Oakland Raiders Head Coach Dennis Allen
All present and accounted for.
That was the report by Raiders coach Dennis Allen as he prepared for his first training camp practice as a head coach.
The last transaction was the signing of fifth-round draft pick Juron Criner, the final non-first-round pick in the league to sign.
"You never know what's going to happen in those negotiations but we felt pretty good all along he'd be in training camp," Allen said.
Coming out of the team's mandatory minicamp in mid-June, the biggest physical concerns were center Stefen Wisniewski (shoulder surgery) and wide receiver Denarius Moore (hamstring strain). Both should be good to go.
With drama at a minimum other than the unexpected resignation of assistant line coach Steve Wisniewski, Allen's mission is to change the culture of an organization which hasn't had a winning season in the last nine years, topping out at .500 in 2010 and 2011.
Reggie McKenzie is doing that with the front office and the structure of the football organization. It's up to Allen to accomplish it on the field.
One point of emphasis is to understand that in the world of the new collective bargaining agreement, practice time is precious.
"There's only so many days that you get to practice," Allen said. "You've got to give them five days off before the last preseason game, and one day off every seven days.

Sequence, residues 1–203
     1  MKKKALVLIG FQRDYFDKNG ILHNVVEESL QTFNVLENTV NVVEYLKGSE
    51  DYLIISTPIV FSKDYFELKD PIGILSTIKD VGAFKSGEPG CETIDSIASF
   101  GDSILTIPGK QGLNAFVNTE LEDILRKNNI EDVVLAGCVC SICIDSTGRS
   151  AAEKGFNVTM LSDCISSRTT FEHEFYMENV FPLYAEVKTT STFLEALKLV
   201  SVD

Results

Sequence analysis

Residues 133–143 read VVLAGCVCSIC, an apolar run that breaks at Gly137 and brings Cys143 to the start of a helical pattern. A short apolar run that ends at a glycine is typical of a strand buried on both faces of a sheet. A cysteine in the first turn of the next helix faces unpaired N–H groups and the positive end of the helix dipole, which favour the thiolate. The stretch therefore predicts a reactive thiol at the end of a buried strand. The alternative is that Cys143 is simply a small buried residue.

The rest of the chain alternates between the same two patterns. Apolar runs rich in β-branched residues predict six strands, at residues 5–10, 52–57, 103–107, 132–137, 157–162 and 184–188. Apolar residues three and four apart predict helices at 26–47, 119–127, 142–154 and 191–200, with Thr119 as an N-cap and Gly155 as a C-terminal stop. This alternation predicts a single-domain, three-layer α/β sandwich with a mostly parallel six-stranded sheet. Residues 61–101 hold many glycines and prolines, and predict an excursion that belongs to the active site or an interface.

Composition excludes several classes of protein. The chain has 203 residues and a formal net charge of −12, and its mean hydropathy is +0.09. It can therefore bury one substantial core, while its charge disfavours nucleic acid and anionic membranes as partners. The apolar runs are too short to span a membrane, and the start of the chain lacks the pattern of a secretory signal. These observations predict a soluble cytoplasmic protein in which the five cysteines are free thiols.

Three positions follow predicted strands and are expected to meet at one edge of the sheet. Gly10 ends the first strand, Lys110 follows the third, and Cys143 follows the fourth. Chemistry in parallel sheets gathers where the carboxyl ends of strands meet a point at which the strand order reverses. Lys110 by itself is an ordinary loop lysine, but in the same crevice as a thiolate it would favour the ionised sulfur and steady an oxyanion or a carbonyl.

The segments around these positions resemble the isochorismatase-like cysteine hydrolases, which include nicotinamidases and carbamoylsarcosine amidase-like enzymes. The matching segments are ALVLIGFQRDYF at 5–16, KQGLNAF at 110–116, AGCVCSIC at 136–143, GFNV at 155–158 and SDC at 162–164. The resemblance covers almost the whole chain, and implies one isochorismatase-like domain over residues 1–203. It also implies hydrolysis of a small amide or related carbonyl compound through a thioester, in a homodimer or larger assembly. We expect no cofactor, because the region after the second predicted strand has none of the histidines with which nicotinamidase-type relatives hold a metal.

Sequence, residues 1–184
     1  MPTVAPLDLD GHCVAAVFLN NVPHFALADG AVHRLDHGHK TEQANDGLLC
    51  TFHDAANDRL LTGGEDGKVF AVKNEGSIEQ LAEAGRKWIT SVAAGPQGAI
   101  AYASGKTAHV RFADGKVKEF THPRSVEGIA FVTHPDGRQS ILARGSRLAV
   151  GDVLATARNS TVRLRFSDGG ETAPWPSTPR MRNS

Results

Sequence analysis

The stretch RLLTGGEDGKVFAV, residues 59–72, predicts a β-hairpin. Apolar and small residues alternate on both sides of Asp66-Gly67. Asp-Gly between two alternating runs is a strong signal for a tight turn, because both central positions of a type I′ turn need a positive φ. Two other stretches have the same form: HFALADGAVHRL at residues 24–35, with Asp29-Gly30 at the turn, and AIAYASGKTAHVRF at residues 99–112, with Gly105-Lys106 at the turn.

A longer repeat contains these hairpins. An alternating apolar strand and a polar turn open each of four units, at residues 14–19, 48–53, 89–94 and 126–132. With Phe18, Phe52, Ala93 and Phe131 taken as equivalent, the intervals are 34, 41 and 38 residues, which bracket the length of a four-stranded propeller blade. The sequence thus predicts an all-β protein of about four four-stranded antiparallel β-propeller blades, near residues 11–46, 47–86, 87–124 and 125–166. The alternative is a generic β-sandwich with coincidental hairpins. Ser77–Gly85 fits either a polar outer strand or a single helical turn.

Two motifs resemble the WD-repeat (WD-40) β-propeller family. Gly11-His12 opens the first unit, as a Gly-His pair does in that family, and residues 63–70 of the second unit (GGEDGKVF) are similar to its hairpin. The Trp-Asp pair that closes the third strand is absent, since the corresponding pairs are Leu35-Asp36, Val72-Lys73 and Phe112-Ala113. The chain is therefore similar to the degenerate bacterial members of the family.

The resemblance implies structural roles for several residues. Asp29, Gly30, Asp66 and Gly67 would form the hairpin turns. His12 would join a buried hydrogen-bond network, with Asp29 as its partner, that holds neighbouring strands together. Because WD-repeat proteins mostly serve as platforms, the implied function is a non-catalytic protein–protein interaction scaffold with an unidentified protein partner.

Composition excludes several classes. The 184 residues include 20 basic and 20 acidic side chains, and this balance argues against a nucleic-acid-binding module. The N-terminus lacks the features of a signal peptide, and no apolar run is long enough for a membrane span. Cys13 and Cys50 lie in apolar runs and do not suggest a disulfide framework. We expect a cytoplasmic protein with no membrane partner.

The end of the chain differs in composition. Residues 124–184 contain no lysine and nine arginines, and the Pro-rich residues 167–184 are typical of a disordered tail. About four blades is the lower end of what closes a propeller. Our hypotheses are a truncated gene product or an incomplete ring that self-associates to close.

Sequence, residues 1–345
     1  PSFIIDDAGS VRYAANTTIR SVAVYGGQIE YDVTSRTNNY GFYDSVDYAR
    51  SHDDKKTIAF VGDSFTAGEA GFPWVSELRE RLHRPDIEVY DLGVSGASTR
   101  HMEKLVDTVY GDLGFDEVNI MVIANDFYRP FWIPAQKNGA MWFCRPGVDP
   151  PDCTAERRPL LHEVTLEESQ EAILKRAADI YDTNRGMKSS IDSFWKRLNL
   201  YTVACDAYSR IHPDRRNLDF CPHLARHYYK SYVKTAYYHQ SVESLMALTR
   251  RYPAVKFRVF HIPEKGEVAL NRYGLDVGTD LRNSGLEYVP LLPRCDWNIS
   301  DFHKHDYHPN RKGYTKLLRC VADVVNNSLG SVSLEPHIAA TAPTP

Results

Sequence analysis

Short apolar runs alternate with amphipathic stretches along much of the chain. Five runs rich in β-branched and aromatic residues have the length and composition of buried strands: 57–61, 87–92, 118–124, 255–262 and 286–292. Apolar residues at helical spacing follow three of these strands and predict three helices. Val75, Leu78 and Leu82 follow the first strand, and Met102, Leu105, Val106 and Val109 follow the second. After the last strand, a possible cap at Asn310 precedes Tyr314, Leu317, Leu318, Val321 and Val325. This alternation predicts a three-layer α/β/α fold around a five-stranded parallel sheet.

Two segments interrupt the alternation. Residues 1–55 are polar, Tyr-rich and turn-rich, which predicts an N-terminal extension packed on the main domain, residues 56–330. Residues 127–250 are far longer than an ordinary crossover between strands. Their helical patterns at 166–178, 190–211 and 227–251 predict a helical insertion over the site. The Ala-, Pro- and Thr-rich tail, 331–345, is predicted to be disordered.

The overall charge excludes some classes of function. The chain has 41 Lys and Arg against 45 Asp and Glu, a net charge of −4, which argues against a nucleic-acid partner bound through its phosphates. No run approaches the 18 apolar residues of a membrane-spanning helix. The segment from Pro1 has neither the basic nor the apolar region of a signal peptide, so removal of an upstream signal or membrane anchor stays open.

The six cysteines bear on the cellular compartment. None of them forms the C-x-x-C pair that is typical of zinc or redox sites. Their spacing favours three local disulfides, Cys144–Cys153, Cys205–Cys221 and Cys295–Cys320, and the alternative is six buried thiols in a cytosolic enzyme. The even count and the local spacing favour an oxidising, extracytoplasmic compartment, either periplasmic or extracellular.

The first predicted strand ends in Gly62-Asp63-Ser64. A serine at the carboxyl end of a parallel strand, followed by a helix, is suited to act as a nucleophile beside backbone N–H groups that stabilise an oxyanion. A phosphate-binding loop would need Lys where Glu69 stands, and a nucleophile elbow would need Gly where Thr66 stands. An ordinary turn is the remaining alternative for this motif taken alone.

"You're only practicing one real practice a day and the other is a walk-through. Our ability to get the most out of the limited opportunities is critical. The teams that are able to do that the best are going to benefit from it."
Allen has been stressing it with the team since he was hired, and he and McKenzie have sought players that will help drive the point home within the locker room.
"It's up to the players to enforce that amongst ourselves that work is being done and we're getting better," defensive end Dave Tollefson said. "Now, more than ever, a wasted day can hurt you. You've got to take advantage of every single day you have on the field, whether it's a walk-through or a padded practice."
Tollefson was sought to play in the defensive line rotation and help address weaknesses against the run, but also because he played on two Super Bowl championship teams with the New York Giants.
"When you look at the successful teams in the NFL and teams that sustain success for long periods of time, they have great leadership," Allen said. "Those guys within the team, they police themselves. When their vision of the culture and the way it's supposed to be done meets the coach's vision, that's when you've really got it."